According to the WHO, in Rwanda, NCDs account 44% of all deaths in 2015, and 14% of all deaths resulted from CVDs 7.The Rwandan target was to reduce CVD by 80% by 2020, while the rate of NCDs in 2015 was 44% of all deaths and CVD accounts 14% of all diseases, the target Rwandan strategic plan of 2014-2019 shows that the most presented CVDs included “hypertension, cardiomyopathies, stroke/TIA, rheumatic and congenital heart disease; and some of them can be prevented easily” 8.

    It has also been discovered that patients with CVDs are at risk of death when infected by Covid-19 pandemic; in a study conducted by Chinese Center for Disease Control and Prevention, reported that of the Covid-19 deaths 10.5% were CVDs cases 9.

    The lack of adequate knowledge is one of the main contributors of CVD deaths; for instance, in Europe, CVD related mortality has increased, more than 1.8 milion people die by CVD complications every year, which is equivalent to 36% of all deaths. For some of Europe countries, this is the first time in 50 years declared the increase in CVD related deaths. This trend is due to insufficient knowledge on CVD, limited varied investment in the prevention of CVD 10.

    A study carried out in the South Arabia reported some of the most common risk factors associated with CVD in this community, including “inadequate physical exercise, obesity and stress” as mentioned by respondents. Among study participants, a small number (18.5%) have knowledge on CVD risk factors. The majority (99%) of study participants reported that they gained knowledge about CVDs from school, and other 83.7% have read education material. Among the respondents, 60% were able to recognize some of preventable factors including cessation of smoking 11.

    In countries like Malaysia, the participants could identify some CVD preventive measures including “intake of vegetables and risk factors such as unhealthy diet (88%), most of respondents recognized that smoking and obesity are risk factors, and others reported that physical exercise is one of preventive measures of CVDs 12. As stated by Ashley k. et al, a gap in knowledge of CVD epidemiology has been discovered in Africa which refers to limited sources of data on CVDs on this continent 13.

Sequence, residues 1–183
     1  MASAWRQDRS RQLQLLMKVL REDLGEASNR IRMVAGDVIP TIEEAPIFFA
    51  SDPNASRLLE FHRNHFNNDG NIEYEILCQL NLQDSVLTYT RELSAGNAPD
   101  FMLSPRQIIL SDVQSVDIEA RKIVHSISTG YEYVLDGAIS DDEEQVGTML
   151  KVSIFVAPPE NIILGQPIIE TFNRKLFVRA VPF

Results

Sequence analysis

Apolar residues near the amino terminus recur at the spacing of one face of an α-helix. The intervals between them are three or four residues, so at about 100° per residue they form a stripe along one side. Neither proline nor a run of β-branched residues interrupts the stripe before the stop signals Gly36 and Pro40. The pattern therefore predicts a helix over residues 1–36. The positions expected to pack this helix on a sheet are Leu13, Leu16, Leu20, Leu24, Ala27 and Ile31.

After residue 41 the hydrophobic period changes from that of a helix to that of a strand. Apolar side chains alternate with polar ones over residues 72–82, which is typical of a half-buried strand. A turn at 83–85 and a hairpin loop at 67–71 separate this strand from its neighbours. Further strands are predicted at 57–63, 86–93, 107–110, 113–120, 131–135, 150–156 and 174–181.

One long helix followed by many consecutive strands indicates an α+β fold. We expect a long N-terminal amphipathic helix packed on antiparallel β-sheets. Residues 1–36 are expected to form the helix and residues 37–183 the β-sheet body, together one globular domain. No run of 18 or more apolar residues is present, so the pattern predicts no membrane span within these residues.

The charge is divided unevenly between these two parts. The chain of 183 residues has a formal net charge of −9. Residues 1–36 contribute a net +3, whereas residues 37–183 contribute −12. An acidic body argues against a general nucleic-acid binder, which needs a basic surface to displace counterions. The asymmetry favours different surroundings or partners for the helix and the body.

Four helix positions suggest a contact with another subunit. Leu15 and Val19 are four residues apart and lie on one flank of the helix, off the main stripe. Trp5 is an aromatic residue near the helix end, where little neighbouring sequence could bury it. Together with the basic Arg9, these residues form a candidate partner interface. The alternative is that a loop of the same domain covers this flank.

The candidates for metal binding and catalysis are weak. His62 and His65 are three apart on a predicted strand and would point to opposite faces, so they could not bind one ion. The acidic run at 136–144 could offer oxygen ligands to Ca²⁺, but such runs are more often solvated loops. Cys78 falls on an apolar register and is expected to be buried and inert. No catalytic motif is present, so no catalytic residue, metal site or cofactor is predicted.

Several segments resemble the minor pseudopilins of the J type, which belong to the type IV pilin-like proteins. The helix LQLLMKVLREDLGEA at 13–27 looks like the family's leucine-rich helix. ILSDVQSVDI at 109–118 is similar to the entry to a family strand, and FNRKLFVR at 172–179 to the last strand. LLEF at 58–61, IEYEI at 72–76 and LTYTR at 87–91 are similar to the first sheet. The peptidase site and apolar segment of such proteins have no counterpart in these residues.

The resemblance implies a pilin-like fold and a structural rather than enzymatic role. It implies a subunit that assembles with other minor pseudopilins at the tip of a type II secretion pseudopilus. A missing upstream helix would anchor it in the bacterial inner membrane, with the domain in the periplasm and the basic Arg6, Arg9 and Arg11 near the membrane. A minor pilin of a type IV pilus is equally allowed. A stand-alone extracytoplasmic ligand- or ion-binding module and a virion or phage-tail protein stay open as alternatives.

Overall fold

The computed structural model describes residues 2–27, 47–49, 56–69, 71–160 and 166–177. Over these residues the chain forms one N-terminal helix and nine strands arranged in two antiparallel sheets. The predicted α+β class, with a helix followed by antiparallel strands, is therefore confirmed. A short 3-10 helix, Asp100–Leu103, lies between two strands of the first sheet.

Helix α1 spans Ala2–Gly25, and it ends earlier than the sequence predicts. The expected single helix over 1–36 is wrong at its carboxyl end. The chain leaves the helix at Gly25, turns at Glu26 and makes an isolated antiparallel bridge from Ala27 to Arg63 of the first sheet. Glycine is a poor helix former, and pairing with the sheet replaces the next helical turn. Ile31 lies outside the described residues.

A systemic review study conducted in Sub-Sahara Africa on both quantitative and qualitative studies documented a low level of knowledge and awareness among the study participants, since majority of studies stated that more than half of respondents had inadequate knowledge of CVDs and/ or their risk factors 14.

    The study conducted by in Rwanda revealed that there is poor knowledge toward CVDs among rural community where 85.8% of the participants have no knowledge about this type of disease. The same study from this rural setting reported inadequate practices towards CVD prevention among rural community, since among study participants 79.6% habitually consume alcohol, 23.7% have smoking habit, 53.1% eat vegetables while only 5.9% eat fruits on a daily basis, and 66.5% consume cooking oil daily. Most of the respondents (99.0%) never tested for blood cholesterol, 66.2% never done blood pressure test, and 60.1% never went for medical checkup 15.

    Also a study conducted in a Rwandan semi-urban setting reported that low level of education, separation with spouse are linked with inadequate knowledge of hypertension (one of cardiac disease); while among the diseased respondents 70.7% never performed their blood pressure checkup; aged people also have high risk of getting hypertension. The general prevalence of hypertension among participants was 15.3% 16.

    The same study from semi-urban population also revealed that lifestyle changes, unhealthy behaviors and change of eating habits resulted from socio-economic transition and urbanization may clarify the increased risk of hypertension observed in this community. Again, the low level of knowledge on this type of CVD may result from insufficient interventions in prevention and control of this disease by public health practitioners, since for long time health programs have been focusing on contagious diseases than NCDs 16.

    The factors contributing to CVDs in developing countries have been identified, these include “smoking, high alcohol and salt intake, dietary factors, diabetes, high blood pressure and psychosocial aspects like, anxiety, stress and depression. Family history and gender differences have also been classified as other factors contributing to high risks of developing CVD 17.